by Karen Smith, MBA, PMP

In part 1 and part 2 of this series, we looked at the value of asking questions, why questions are not asked and how to facilitate a more inquisitive and innovative culture in your organization. In this third and final post, we will suggest tips and best practices for asking questions effectively, in a way that truly benefits you, your team, and your organization.

The Problem | The Solution

Admittedly, asking questions can create problems either with the actual questions themselves or by not having a questioning culture.

Problems include:

  • Asking leading questions, such as “Do you agree that Sam is not pulling his weight?”
  • Only asking questions selfishly – e.g., when I know I have to make a decision
  • Provoking defensiveness in others – e.g., “Why did this happen?”
  • Corporate cultures that may have an aversion to bad news
  • Executives may find it easy to accept good news unquestioningly and investigate only when there is a problem (Enron, WorldCom, General Motors)
  • If a Board refuses to ask questions, a powerful message is signaled throughout the organization for people to keep their heads down

Solutions include two critical skills:

  • Knowing what questions to ask
  • Knowing how to ask questions

Knowing what questions to ask comes from listening to conversations and then thinking of questions to obtain even more information. Listening also involves hearing what isn’t being said, and allowing people to complete their thought, which keeps focus on them versus you. You may then reflect back on what you heard and observed. By doing this, you will learn, know and improve more. In addition you will probably “interfere” less during meetings and conversations. Switching to questioning versus telling will take your leadership abilities to a new level; not to mention will help build a more collaborative culture within the organization.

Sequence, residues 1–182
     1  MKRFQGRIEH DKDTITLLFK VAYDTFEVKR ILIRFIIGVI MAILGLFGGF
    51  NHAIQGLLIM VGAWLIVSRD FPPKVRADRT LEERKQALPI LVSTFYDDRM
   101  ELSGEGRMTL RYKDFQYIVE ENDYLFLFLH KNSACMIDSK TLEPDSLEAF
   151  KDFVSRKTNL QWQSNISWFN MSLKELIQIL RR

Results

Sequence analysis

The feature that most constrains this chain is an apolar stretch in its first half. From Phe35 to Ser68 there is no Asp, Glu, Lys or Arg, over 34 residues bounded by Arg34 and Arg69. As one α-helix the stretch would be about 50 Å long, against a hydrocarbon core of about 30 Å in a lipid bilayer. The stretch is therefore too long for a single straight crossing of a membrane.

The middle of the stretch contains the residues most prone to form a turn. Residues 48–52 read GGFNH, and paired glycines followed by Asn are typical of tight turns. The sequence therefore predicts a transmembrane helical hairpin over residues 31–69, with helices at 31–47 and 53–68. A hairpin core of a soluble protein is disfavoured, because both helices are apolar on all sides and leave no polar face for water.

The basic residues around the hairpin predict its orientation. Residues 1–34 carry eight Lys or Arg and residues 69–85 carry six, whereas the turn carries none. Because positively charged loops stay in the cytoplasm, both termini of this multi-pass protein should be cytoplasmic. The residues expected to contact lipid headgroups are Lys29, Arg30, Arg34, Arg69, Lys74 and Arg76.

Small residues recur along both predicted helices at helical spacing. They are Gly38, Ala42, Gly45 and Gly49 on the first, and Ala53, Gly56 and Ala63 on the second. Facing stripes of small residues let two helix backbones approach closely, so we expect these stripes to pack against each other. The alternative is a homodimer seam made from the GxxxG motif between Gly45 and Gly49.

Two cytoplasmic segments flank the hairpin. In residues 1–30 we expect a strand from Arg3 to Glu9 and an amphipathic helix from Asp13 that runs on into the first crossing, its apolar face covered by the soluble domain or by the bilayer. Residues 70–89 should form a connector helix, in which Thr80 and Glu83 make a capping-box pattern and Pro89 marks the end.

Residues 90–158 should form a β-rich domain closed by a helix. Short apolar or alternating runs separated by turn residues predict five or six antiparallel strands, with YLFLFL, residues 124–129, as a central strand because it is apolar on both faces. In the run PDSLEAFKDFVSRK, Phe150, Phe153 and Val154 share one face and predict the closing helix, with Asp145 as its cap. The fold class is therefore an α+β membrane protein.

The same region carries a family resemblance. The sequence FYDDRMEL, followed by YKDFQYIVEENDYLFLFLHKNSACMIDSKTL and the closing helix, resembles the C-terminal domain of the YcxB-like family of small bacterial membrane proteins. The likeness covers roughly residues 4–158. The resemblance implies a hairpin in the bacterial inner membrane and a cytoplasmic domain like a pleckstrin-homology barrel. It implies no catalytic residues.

Let’s focus momentarily on a dictatorship or a “telling” culture. Do you want to know how to win every argument and persuade everyone into thinking that your ideas are the right ones? Stop trying. It won’t work. Communication will absolutely breakdown … every time.

Once you’re in a heated debate or being told what to do, the team is no longer focused on the best solution and exercising its brain power; they just want to win by any means necessary. Everybody wants to win, including you. This source of the difficulty lies in who comes up with the solution, but only if credit is demanded for the idea. You won’t get any wiser by verbally bludgeoning people. You get wiser by learning through questions. Winning an argument is a short term ego victory. Losing an argument can be a learning experience that benefits you for the rest of your life.

A 360° Look at Questions

The words we choose disclose a lot about how we think and what we believe, and it also may reveal our attitude. Many times the way our questions are worded suggests how we expect people to behave and the outcome we believe is imminent. The goal of questions is to not appear clever, feed the ego, or elicit an interesting response, but rather to be selfless and supportive in learning and internalizing different perceptions so a better outcome can be achieved.

Questions can be a lens that focuses attention on a particular area. When people are asked questions, they are sent on a mental journey in search of the answer. That journey can be positive, productive and inspiring, and can produce fresh perspectives. Empowering questions get people thinking and allow them to come up with their own answers (bonus: instant buy-in) and, thus, they sign up for the ownership for the results.

Personally, in my marketing research and competitive intelligence interviews, I’ve found that the best questions are based on what was just provided as an answer, and then building on that foundation. By doing this, I am saying, “I heard what you said, and am interested in what you had to say by asking deeper questions to ensure I understand your perspective completely.” Empowering questions include:

  • How do you feel about the team? (Affective question)
  • How do you feel about the project’s Stage One outcome? (Affective question)
  • What has worked well in getting the team motivated? (Explorative question)
  • How can we duplicate our successes from Project X to Project Y? (Explorative question)
  • Which objective do you think will be easiest/most difficult to accomplish? (Explorative question)
  • What kind of support do you need to be successful? (Explorative question)
  • What is a viable alternative? (Explorative question)
  • You said you had some issues come up. Can you more fully describe your concerns about proceeding on this critical path? (Reflective question)
  • I recognize there have been some resources we need to backfill. What will you commit to do and by when? (Reflective question)
  • What do you think about …? (Affective or Explorative question)
  • Tell me more about … ? (Probing question)